BU EC 385 - PS#6: Local Public Finance II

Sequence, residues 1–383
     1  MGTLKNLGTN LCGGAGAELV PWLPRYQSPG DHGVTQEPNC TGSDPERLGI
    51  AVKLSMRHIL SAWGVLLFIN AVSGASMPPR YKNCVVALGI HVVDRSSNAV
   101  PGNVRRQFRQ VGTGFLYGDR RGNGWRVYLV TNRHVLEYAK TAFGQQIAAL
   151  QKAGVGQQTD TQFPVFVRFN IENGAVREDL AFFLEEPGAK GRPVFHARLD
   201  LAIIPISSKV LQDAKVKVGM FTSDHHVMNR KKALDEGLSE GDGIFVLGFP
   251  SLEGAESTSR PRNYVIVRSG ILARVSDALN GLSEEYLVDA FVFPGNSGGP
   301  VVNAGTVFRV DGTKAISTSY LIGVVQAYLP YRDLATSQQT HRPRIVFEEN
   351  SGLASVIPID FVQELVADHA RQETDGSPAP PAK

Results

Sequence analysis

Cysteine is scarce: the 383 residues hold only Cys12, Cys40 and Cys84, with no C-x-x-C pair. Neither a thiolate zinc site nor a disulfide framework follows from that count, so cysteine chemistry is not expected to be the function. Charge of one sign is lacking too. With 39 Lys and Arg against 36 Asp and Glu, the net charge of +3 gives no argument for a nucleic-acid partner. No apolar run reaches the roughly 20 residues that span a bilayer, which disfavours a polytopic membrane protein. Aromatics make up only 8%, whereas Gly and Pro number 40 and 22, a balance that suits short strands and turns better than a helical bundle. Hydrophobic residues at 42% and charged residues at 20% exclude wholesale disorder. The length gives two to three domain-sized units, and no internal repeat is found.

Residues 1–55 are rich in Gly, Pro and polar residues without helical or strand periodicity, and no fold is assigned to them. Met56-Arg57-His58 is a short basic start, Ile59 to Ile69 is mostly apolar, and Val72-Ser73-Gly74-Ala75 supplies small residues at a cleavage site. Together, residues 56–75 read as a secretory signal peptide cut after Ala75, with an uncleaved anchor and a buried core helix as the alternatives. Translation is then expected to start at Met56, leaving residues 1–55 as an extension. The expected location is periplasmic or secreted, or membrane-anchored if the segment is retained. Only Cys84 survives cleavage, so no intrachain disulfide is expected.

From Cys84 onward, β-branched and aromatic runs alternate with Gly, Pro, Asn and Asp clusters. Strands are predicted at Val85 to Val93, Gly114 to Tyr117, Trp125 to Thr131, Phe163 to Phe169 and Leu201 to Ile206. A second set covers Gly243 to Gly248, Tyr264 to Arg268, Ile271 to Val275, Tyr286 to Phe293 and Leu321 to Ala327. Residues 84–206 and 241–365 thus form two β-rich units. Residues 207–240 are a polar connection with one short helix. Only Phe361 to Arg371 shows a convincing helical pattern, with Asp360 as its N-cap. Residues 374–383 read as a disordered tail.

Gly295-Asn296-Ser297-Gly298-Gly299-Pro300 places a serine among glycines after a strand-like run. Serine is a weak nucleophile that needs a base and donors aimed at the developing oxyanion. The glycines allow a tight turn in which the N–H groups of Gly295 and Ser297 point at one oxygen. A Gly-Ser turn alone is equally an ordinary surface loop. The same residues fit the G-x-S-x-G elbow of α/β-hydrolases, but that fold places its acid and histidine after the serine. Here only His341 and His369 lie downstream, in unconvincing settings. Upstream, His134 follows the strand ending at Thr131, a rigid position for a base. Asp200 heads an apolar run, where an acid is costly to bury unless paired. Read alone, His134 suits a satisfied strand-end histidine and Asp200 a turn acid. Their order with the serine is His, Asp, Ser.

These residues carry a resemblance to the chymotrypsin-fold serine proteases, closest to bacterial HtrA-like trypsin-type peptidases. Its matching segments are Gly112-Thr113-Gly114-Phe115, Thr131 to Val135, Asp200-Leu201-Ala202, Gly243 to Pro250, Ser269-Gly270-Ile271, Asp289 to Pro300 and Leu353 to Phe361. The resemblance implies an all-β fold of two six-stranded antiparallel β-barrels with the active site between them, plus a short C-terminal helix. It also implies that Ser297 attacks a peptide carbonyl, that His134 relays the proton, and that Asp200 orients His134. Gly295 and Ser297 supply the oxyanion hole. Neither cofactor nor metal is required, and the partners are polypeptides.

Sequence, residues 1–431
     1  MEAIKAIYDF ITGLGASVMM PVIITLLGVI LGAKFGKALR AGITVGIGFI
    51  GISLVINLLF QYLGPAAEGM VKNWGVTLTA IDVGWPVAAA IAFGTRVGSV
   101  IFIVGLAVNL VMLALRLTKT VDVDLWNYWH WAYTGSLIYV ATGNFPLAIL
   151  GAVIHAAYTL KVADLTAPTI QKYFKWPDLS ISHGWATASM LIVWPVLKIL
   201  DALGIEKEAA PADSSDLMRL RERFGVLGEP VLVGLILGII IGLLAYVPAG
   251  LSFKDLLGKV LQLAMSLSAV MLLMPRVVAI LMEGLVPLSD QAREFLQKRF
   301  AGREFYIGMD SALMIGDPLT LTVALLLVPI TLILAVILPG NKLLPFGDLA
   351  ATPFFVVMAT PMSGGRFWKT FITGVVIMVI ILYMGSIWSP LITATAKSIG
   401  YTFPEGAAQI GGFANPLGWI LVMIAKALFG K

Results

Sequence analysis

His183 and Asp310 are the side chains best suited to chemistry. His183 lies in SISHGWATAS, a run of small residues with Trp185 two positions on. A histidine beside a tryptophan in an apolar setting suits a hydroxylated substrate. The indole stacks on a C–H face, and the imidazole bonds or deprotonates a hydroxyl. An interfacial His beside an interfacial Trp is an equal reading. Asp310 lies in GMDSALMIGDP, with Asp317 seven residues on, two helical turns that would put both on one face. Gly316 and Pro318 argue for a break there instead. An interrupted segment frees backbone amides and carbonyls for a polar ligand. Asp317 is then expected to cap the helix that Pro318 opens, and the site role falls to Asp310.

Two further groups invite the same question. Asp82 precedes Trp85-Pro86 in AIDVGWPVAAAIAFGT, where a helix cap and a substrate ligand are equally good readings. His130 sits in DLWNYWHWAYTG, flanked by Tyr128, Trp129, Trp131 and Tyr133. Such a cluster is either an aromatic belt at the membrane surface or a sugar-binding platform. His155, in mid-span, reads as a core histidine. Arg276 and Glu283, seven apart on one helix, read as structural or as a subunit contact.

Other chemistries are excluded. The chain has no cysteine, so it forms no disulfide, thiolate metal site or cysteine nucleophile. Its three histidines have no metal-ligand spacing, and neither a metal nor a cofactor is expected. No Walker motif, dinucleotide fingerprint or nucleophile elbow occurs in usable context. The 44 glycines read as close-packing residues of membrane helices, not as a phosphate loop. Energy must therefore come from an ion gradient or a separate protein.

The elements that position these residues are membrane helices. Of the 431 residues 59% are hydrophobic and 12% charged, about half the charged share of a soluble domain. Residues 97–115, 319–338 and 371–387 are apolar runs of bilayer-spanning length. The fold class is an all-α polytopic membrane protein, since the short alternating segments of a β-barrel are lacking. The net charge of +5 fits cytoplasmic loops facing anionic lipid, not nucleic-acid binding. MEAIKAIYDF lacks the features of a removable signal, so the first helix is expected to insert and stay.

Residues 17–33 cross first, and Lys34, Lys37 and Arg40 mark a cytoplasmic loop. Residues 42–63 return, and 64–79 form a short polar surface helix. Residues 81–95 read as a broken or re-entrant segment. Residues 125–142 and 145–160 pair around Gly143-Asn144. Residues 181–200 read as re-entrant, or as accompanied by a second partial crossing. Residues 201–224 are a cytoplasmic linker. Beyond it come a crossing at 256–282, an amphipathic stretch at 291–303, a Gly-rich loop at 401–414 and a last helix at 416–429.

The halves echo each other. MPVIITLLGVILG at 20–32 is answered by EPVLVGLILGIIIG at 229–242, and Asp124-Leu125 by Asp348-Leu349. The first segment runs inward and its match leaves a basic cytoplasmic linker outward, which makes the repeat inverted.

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PS#6: Local Public Finance II (Chapter 7)7.1 Evaluate the following taxes from the standpoint of vertical and horizontal equity:(a) A 25-cent per-gallon tax on milk(b) A tax on stock market transactions(c) A sales tax on men’s clothing(d) A tax on cigarettesAnswers: Vertical equity is harmed with any flat tax. Horizontal equity is harmed whenever goods that are only consumed by select segments of the population are taxed. The effect on horizontal and vertical equity is as follows:(a) Milk taxes are horizontally equitable, but not vertically equitable because they have a greater impact on low-income families.(b) A tax on stock market transactions is likely to be vertically equitable, in that most lower income families do not execute many trades. The extent of horizontal equity depends on how uniform the preference for stocks is among individuals with similar incomes. The more tastes vary, for example, between stocks and other forms of investment such as real estate, the less horizontally equitable the tax will be.(c) A sales tax on men’s clothing is likely to fair poorly on both counts. It is likely to be regressive (thus not vertically equitable), and is also not horizontally equitable in that it falls only on men rather than both genders.(d) A tax on cigarettes is likely to be neither horizontally nor vertically equitable for the same reasons as a tax on men’s clothing.7.3 If the marginal propensity to consume in a municipality is 0.8, what is the value of the simple multiplier? If a new stadium that adds $30 million in new consumption expenditures is built, what is the impact on the economy based on this multiplier?Answer: The simple multiplier 1/(1  MPC). In this case, with MPC  0.8, the multiplier is 5. An initial expenditure of $30 million would have a final impact of $150 million. (As a side note, the MPC for spending in the local economy is generally much lower than the overall MPC. While it is reasonable for a person to spend 80 percent of their income on consumption, it is extremely unlikely that they will spend 80 percent of their income on goods and services produced in the local economy. Therefore the multiplier for the local economy, as well as the total impact on the local economy, is likely to be much lower than suggested in this example.)7.4 True or False; explain your answer. “The new stadium was entirely privately funded because all the city contributed was a 50-acre site on which to build it.”Answer: False. The land donated by the city represents an opportunity cost to the city. The same land could have been sold to private interests or used by the municipality for a park or any other public good.7.5 You own a team in San Francisco. What does public choice theory say about what you will do if Los Angeles presses the California legislature to underwrite a new stadium in Los Angeles?Answer: You would have an incentive to lobby your representatives to back the spending bill only if it also includes funding for a new stadium in San Francisco. This is an example of logrolling.7.6 Why is the multiplier effect for the Los Angeles Lakers likely to be greater than the multiplier effects for the Sacramento Kings when both are teams in the NBA?Answer: Los Angeles is much larger than Sacramento, so people are more likely to live and shop in Los Angeles than Sacramento. As a result, the leakages from Los Angeles are much smaller than the leakages from Sacramento, and the multiplier is larger.7.7 Your city is committed to raising $100 million for a new arena. The mayor suggests putting a tax on taxicab rides since out-of-towners disproportionately use taxicabs. Evaluate the wisdom of this policy decision.Answer: The tax on taxicab rides shifts the supply curve up by the amount of the tax (a fixed amount if there is a fixed tax per ride).The price of cab rides rises, passing some of the tax on to out-of-towners. However, the price rises by less than the amount of the tax, from to and not to tax. The failure of the price to rise by the amount of the tax means that taxicab drivers pay some of the tax. If the elasticity of demand for cab rides is large enough, the cab drivers may have to pay a substantial amount of the tax. If this happens, the tax is not a good idea. Furthermore, the concept of tax fungibility suggests that even if out-of-towners do pay the majority of the tax, this revenue could be used to finance other projects in the city besides the stadium or be used to reduce other taxes paid by local residents.7.8 Under what circumstances would a city government want to contribute funding for a stadium even if it knows that the revenue it receives will not cover the city’s share of operating expenses?Answer: If the stadium provides indirect benefits to the city in addition to direct economic benefits, then a public contribution may be warranted. For example, a stadium may provide advertising to a city, allowing the city to be “put on the map.” A stadium may also serve as an anchor to promote wider economic development. Finally, a stadium may provide a cultural amenity that makes a city a livable place.7.9 Why might a city want to go into debt as a way to fund a stadium?Answer: Historically, if cities borrowed to build a stadium, they could pass some of the cost of a new stadium on to the residents of other cities. This is because interest income from municipal bonds is deductible from federal taxes. This has two effects. First, because the income is tax-free, cities pay lower interest rates on municipal bonds than private companies pay on comparable bonds. Second, if the holders of municipal bonds pay lower federal taxes, taxpayers nationwide must pay higher taxes to make up the lost income. The city can thus pay interest rates that are less than the market rates at the expense of residents of other cities who have to pay higher federal taxes. Since December 31,1999, however, IRS regulations stipulate that cities may no longer issue tax exempt municipal bonds to build professional sports stadiums.7.10 Why would a Super Bowl played in Detroit probably have more of an impact than a Super Bowl played in Miami, even if both were to draw the same amount of fans? Why would a Super Bowl at Ford Field in Detroit have more of an impact on Detroit than a regular season Detroit Lions game that draws the same number of fans?Answer: A Super Bowl in Miami would displace many business travelers and vacationers who would have gone to Miami even if there